Views are non-strict versions of collections. Methods like filter and map on view only execute the passed functions when the respective element gets accessed. Thus a map on a huge collection returns immediately because it just creates a wrapper around the original collection. Only when one access an element, the mapping gets actually executed (for that element). Note that View is not a class, but there are lots of XxxView classes for various collections.

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7  
Views aren't lazy, just non-strict. Laziness requires caching, which streams do, but views don't. –  Daniel C. Sobral Dec 20 '11 at 3:28
    
Thanks for the clarification. fixed it in the answer. –  Jens Schauder Dec 20 '11 at 4:16
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@DanielC.Sobral "Laziness requires caching" - um, what? –  Dan Burton Dec 20 '11 at 6:01
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@DanBurton - so that if you ask for the same value another time, it would not be recomputed. Otherwise, it is not so "lazy" :) –  Rogach Dec 20 '11 at 7:29
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Perhaps "memoization" would be a better description, since that precludes values from being dropped, which is not the case of caching. –  Daniel C. Sobral Dec 20 '11 at 14:01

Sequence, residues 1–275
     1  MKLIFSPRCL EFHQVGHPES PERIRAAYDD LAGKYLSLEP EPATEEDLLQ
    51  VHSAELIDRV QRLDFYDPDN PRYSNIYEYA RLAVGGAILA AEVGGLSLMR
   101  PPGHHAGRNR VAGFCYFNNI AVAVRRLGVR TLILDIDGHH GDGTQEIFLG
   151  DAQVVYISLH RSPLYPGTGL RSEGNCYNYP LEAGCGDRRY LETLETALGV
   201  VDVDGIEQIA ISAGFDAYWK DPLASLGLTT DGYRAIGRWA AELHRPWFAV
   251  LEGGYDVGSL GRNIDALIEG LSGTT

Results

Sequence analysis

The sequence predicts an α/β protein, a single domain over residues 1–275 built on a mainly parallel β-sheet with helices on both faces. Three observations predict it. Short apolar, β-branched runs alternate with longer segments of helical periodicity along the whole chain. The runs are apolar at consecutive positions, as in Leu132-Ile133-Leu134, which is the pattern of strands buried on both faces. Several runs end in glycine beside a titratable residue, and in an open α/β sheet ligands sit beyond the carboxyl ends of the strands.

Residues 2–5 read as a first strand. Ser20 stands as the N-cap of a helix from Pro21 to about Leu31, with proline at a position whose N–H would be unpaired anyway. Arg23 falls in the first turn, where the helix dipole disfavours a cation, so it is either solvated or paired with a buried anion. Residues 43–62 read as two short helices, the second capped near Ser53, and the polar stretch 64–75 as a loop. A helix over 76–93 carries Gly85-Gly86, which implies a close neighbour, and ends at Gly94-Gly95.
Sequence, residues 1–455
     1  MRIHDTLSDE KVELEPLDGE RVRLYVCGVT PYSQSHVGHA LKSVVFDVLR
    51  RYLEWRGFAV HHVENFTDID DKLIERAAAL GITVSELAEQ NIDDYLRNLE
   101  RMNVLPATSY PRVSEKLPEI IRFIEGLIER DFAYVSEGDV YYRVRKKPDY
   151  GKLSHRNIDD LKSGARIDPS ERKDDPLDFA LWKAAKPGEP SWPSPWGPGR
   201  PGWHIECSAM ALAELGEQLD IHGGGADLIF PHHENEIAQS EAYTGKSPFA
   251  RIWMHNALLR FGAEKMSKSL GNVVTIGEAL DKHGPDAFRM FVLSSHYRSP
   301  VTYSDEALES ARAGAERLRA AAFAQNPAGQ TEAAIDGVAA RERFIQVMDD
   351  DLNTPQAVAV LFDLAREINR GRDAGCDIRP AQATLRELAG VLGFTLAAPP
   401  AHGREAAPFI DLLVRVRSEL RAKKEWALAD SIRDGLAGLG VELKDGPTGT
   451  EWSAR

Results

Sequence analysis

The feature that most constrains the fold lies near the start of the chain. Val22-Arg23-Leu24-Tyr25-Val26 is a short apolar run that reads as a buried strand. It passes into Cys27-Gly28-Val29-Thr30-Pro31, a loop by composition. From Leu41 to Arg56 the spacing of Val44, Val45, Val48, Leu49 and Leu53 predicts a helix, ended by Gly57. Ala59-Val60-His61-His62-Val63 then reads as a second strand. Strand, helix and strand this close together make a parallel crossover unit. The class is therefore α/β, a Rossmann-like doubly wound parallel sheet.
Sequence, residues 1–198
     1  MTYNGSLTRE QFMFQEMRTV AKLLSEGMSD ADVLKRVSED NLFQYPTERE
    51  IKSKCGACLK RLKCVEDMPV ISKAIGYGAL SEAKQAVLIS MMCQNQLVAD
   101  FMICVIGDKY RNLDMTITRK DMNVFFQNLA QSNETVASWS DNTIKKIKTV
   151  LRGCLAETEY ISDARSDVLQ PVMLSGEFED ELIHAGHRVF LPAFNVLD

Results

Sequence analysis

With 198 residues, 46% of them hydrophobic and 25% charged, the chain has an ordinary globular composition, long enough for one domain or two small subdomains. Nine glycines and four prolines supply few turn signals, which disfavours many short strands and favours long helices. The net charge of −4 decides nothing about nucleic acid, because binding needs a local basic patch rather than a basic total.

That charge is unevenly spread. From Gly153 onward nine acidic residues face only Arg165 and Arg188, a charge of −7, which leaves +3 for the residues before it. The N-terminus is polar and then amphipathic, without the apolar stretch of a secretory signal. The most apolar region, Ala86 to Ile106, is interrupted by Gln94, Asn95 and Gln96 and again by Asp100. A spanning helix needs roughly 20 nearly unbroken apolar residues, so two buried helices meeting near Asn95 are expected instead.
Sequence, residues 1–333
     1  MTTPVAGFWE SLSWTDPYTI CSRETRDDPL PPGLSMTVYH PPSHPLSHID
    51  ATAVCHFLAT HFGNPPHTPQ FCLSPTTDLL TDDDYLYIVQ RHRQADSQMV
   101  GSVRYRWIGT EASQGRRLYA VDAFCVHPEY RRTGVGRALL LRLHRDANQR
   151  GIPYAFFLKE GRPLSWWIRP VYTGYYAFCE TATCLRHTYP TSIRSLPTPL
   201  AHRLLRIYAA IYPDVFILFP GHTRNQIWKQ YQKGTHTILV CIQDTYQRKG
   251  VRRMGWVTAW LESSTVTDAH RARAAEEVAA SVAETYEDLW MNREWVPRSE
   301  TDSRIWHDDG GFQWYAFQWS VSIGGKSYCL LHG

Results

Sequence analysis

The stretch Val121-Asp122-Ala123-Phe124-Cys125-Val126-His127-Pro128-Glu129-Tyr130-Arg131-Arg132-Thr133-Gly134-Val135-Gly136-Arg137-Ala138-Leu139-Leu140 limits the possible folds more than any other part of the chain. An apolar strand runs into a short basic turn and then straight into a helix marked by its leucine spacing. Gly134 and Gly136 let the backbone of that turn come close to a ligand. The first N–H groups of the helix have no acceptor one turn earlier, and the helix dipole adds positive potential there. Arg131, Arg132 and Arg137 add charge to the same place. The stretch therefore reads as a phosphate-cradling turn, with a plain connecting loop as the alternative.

One comment I'd like to add about streams vs. iterators. Both streams and iterators can be used to implement long, non-strict, potentially infinite collections that don't compute a value until it's needed.

However, there is a tricky problem with "premature execution" that arises when doing this, which can be avoided using iterators but not streams, and in the process points out an important semantic difference between the two. This is perhaps illustrated most clearly as follows:

def runiter(start: Int) {
  // Create a stream that returns successive integers on demand, e.g. 3, 4, 5, ....
  val iter = {
    def loop(v: Int): Stream[Int] = { println("I computed a value", v); v} #:: loop(v+1)
    loop(start)
  }
  // Now, sometime later, we retrieve the values ....
  println("about to loop")
  for (x <- iter) {
    if (x < 10) println("saw value", x) else return
  }
}

This code creates an infinite stream that starts at a given value and returns successive integers. It is used as a stand-in for more complex code that might, for example, open an internet connection and return values from the connection as needed.

Result:

scala> runiter(3)
(I computed a value,3)
about to loop
(saw value,3)
(I computed a value,4)
(saw value,4)
(I computed a value,5)
(saw value,5)
(I computed a value,6)